1389Re: [The Indigo Network] improving schools
- Jan 2, 2007Lorie, thankyou for sharing your story with me, I really appreciate it. I think you sent it to me a few weeks ago and when I replied to thank you, it was returned. I hope you get this note. You sound like very caring parents, i feel lucky for your daughter however you choose to educate here. Thanks again, ty.
lbb116 <lorie_b@...> wrote: Tyler.....
I saw this post asking about information on Waldorf. My daughter has
just spent a year and a half at a Waldorf school. We left public
school after 1st grade because she was miserable. The school system
was very over crowded and she, being an indigo, had very strong
opinions about how she should be taught. It didn't go over too well
with her 1st grade teacher. The principal got to know my daughter
After visiting the indigochild.com site and saw that waldorf and
montessori schools might be a good alternative, we applied to
Montessori, but there weren't any openings. After visiting Waldorf,
it seemed it might be a good fit. We knew up front that they delayed
teaching reading unitl 2nd grade. This didn't concern us since, she
was a strong reader -- already tested to be reading at the 3rd grade
We liked that they had a morning recess after snack and an afternoon
recess after lunch every day. At her old school lunch was at 10:30!!!
They very often didn't get recess. She would have handwork class where
she learned to knit. So far, she's knitted a cat, a horse and a flute
case. She would have russian and german classes. PE seemed to be in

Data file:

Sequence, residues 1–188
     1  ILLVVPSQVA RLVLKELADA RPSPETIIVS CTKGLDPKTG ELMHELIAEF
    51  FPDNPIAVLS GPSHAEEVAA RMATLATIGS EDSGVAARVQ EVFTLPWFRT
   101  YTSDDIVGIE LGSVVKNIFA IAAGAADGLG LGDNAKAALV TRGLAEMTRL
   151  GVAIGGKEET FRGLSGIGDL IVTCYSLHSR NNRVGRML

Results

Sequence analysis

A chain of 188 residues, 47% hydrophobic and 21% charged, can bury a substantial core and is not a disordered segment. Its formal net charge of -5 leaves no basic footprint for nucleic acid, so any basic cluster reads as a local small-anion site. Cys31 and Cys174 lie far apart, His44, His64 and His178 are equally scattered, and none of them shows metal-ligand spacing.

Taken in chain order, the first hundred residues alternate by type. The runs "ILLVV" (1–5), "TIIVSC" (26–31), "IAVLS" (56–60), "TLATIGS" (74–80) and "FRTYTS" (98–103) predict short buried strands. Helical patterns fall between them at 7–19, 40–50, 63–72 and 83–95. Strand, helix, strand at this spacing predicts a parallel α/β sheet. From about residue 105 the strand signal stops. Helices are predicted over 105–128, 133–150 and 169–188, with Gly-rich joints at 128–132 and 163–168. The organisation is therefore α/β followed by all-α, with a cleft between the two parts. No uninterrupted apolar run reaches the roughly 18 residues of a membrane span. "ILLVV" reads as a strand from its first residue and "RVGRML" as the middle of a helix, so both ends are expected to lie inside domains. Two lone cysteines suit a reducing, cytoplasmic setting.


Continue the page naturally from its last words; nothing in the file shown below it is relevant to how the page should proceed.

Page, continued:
the form of a movement class called eurythmy. Language arts, writing,
history, and math seemed to be rolled up into one block called "main
lesson". Math was on the schedule only once a week. When I
questioned this, I was told that they had a "holistic" approach to
math and it was "folded" into the whole curriculum. Even so, after
the rushed, over-the-top, pushed down curriculum of public school,
this seemed to be a kinder, gentler approach to education. Like we
remembered when we were in grade school. It felt like we were giving
her childhood back to her.
The first several months was a big adjustment for her. They have a
policy about keeping the outside out of school. No character based
clothing, lunch boxes and no black clothing. They even encourage
parents to get rid of the TV. That meant she couldn't wear her beloved
light-up sneakers or bring her Barbie lunchbox to school. She also
endured quite a bit of teasing and friction from the other kids
(mostly from a few boys). They delighted in pointing out everytime
she did something wrong. Slowly she adapted, let go of all the pent
up anger from 1st grade and began making friends and fitting in. It
is to the credit of the school and the parents that everyone stood by
her and refused to let the teasing go unnoticed or uncorrected. She
loved the school, however we became very concerned that her teacher
was unqualified (she had absolutely no teaching credentials or
experience), and the curriculum was a little too lax. There are no
text books, the children copy off the blackboard into their "main
lesson" books, using crayons at first and then moving to pencils. At
the end of the chaotic year, many parents were on the fence about
returning, as were we. Two actually did not. We did reluctantly, we
felt we had no other alternative, Montessori would not have any